La Isla Bonita

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This past weekend I went to La Palma of the Canary Islands. Going to the Canary Islands is something I’ve wanted to do for a long time. Since it’s not the easiest to get to, I’m not sure I would have followed through if it wasn’t for meeting Richie’s cousin Nicole, who’s from there, this past summer. When you know somebody in a place you’d like to visit, it gives you more of an incentive to go; she was also going back the same time I had thought about going (which at the time I didn’t realize it was carnival because last year it was three weeks earlier), so it came together perfectly. Also, Richie’s brother Thomas was going to be on spring break and bought a last minute flight, which then caused Richie and his other brother Andrew to follow suit.  I was going to be spending a few days with one of my best friends and his brothers in Spain, with his cousin in La Palma during Carnival.

La Isla Bonita
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La Palma, called the beautiful island because of…..its beauty is the 2nd smallest island out of the 7 Canary Islands; yet you’d think it was a lot bigger. There’s so much to see I could have easily spent another week there. It has a population of 88,000, with most living along the slope of the extinct volcano; there’s hardly a flat spot to be found. As you can see, the volcano is what shapes the island, it literally is this island. Climatically it stays the same all years round and I wasn’t prepared for the wind or cold at night as I figured it to be like a Caribbean Island. but it wasn’t. It is also ecological diverse, it has various ecosystems:tropical-arid plant life along the lower slopes closer to the water, as you climb higher along the volcano you find the woodland zone with its famous Canary pine trees until eventually those give away leaving only volcanic soil and rock; if you go inward it’s like a rain/cloud forest where everything is green and mossy. Never have I experienced such a change from one to the other so rapidly, it’s like we were traversing through different worlds in a matter of minutes, or as Richie said many times, like we were in King Kong. 
 
Driving around the Island
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Driving around the island in its own right was an experience as much as visiting some of the places; the whole roadway is a scenic route, providing unbelievable views of the rest of the island. To get around, you pretty much follow one road that snakes it’s way endlessly around curves and through tunnels precariously close to cliff faces on inclines that a car with too much weight might struggle to make it up. Single handedly the worst possible place to be is in the back seat of car when you’ve been out all night drinking, which is where I found myself on Tuesday.
Nicole and Marisa
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Without Nicole, Richie’s cousin and Marisa, her mom the experience would have been nothing. Nicole was the best guide, driving us around the island and answering all the questions I had (which were a lot); she picked me up from the airport , she introduced us to her friends and countless others (I’m sure she got tired of it, I would have) and showed us an amazing time at Los Indianos. Marisa was an absolute angel and did everything she could to make us feel welcomed. She made us breakfast, lunch and dinner everyday, she made sure we had everything we needed, she dropped off alcohol when we ran out at night and picked us up in the morning the times we needed to be picked up. I felt as if I was with my own mom and never felt more at home as a guest in somebody else’s house as I did there. We were also invited to have lunch at Nicole’s grandpa’s house where we ate an amazing typical meal of La Palma. Like Nicole and Marisa, her grandpa and his partner are two of the most welcoming people I’ve ever met. As beautiful as the island is, it is their hospitality which made the trip great.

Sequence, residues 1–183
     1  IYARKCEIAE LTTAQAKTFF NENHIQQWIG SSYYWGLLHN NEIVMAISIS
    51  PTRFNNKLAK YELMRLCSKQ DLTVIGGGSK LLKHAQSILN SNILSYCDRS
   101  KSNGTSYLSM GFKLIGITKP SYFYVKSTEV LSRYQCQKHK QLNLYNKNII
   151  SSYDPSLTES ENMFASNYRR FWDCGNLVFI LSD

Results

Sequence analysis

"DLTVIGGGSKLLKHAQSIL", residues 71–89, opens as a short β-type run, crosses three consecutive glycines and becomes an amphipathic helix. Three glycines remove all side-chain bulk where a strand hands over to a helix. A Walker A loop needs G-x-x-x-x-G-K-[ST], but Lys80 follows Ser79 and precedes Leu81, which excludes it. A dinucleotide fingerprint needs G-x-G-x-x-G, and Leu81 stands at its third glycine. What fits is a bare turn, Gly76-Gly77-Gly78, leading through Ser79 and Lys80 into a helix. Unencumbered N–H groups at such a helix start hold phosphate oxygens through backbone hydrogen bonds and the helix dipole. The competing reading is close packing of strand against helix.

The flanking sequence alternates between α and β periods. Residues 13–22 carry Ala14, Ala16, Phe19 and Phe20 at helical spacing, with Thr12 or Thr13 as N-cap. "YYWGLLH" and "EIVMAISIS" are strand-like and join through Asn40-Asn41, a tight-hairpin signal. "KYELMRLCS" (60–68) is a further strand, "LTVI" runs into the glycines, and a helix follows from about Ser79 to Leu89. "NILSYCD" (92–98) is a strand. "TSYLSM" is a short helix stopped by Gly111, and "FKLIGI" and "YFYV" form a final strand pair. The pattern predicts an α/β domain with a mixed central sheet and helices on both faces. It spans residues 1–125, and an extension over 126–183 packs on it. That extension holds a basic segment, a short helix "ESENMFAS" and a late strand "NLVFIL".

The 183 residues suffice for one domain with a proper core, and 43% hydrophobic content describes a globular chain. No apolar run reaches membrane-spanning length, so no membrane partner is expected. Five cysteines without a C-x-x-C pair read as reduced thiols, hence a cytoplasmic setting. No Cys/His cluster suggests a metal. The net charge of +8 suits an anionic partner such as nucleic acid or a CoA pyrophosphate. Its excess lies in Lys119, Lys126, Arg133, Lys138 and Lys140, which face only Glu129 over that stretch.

Star light star bright 
I saw the most stars I’ve ever seen at night.  On Sunday night we took a break from drinking (the night before we had been out until 5am and the next day we were going to be celebrating los Indianos) and went to Roque de los Muchachos, one of the best places in the world to see stars. The observatory located there is considered one of the three best in the world. Roque de los Muchachos sits at 2426m (7959 ft) above the clouds allowing for an unobstructed viewing of space. However, before getting there you need to take a zig-zagging-continuously-bending road that prevents you from going in any gear higher than two for about an hour or more.  Nicole drove it like a champion in a van of eight people while her two co passengers, Richie and Thomas dozed off.  Since the way up is covered in pine trees until you get toward the top and since I was sitting in the middle, I could only see darkness outside. Until we got to the top and I stepped out. I was surrounded by  a 270° of the night sky and more stars than I have ever seen in my life, thousands of little lights dotting the night sky. It’s as if I was a child again, going down the stairs on Christmas day and seeing for the first time all the presents Santa had brought. I experienced a profound awe that’s almost too difficult to put into words and impossible to capture with any photos. I have never realized such a profound sense of peacefulness and if it weren’t for the almost freezing temperature and wind, I would have asked to be left up there for the night.  Sitting here thinking back on it, my mind can’t recreate or comprehend an accurate portrayal of what it looked like.